I would like to advise the one who wants to learn something new that choose suitable resources, be honest to the trainer and work hard. It definitely leads to success.

- Ramchandra Kulkarni, myEnglish student, Pune

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From being put on the spot to being in the spotlight – Kamaraj Mani’s Journey – #HumansOfBritishCouncil

KamarajFrom being put on the spot to being in the spotlight – Kamaraj Mani’s Journey.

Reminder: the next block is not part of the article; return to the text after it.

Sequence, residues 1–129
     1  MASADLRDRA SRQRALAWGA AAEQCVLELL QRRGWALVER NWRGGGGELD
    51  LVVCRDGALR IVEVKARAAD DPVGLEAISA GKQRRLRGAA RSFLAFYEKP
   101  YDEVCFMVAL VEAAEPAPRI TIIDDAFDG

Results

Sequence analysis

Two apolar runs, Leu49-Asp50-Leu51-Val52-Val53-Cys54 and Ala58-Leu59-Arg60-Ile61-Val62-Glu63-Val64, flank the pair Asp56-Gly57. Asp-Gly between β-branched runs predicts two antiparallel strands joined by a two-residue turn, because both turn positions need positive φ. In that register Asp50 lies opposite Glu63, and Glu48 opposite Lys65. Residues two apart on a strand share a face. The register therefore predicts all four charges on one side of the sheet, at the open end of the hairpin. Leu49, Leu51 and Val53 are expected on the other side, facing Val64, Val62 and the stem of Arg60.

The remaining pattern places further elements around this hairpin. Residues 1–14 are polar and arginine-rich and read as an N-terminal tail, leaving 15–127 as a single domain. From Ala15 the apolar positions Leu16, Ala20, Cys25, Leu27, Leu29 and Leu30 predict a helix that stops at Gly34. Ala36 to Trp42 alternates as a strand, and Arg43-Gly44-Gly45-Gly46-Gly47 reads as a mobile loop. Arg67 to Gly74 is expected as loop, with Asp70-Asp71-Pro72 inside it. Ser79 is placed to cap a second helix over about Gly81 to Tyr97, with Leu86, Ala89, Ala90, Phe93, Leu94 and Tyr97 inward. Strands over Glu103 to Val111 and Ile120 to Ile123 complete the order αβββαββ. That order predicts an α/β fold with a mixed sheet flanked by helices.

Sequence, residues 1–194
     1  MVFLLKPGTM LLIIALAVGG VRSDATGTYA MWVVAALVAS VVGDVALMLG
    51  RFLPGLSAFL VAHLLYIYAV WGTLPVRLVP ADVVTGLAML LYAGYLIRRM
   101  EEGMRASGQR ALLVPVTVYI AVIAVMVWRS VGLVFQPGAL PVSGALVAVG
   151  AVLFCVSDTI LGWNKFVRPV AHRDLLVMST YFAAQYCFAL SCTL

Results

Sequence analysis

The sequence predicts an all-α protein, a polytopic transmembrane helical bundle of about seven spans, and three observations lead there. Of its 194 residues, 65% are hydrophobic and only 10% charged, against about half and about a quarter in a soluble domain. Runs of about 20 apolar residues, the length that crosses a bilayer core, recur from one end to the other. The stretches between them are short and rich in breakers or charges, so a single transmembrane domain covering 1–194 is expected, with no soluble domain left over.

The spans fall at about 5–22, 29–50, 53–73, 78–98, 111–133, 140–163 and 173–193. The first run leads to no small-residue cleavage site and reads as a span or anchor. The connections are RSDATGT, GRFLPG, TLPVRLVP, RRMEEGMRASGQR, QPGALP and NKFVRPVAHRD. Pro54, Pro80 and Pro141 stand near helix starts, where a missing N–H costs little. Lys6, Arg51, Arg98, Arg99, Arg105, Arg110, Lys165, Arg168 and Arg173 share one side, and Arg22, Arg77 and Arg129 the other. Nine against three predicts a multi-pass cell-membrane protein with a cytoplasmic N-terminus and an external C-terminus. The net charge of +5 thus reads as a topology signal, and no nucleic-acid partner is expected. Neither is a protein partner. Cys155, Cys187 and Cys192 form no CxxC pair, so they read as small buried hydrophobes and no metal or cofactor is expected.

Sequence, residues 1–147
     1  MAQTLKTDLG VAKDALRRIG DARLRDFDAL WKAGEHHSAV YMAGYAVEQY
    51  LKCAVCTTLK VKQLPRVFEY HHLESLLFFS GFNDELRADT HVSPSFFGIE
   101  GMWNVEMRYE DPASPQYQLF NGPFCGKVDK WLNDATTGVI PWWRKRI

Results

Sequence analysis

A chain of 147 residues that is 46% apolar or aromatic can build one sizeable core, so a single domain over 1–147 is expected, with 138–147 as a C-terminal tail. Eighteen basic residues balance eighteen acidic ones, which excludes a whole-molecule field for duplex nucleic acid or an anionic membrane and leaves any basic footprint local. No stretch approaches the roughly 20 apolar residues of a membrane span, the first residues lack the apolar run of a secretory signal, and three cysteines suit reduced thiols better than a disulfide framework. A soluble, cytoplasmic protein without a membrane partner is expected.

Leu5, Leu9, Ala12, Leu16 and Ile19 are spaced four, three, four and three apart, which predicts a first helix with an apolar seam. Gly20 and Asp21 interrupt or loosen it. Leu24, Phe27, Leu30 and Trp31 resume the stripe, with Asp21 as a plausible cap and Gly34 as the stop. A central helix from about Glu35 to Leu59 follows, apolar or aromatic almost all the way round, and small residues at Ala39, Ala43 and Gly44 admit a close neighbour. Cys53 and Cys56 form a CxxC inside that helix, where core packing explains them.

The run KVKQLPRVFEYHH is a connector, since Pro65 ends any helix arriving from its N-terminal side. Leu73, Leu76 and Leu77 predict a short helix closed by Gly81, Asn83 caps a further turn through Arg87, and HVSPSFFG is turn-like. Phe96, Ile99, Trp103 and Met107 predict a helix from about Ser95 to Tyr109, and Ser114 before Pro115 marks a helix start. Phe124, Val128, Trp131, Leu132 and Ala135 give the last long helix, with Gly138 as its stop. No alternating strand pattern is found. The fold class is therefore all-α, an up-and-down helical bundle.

Imagine a situation like this. You were in a business meeting with the top officials of your organisation and it was your turn to express your views. When you started presenting your views, you had noticed that everyone’s eyes were on you. Upon seeing them, your body was shaking uncontrollably and your tongue was rolling unnecessarily. Despite your preparation, your mind was keen on searching words. There was no proper mind and mouth coordination. Even in an air conditioned ambience, the fear had made you to sweat immensely. Have you ever experienced this?I, Kamaraj Mani Natarajan, work as a product manager for an IT firm that serves various technology solutions to the Indian healthcare industry. Being a product manager, I am responsible for providing innovative business solutions and IT product ideas for various customer needs. The situation that I have described above had occurred in most of the critical meetings. Every time, the spotlight of mine was stolen by somebody else. I hadn’t realised that I was being pushed to the back seats. While I was exploring the root cause, one of my friends who had also faced similar situations emphasized me that it was only because of lack of language and presentation skills. He was the one who introduced me to the British Council and its courses.When I approached the British Council, the highly qualified language trainers properly assessed my weaknesses and offered me the appropriate courses. The systematic design of the courses and the way in which it was taught really facilitated me to eradicate most of my weaknesses. They taught the best way to initiate any conversation to express my views in a structured way. Now I can proudly say that I can handle any business meeting. All the credits go to the teachers of the British Council.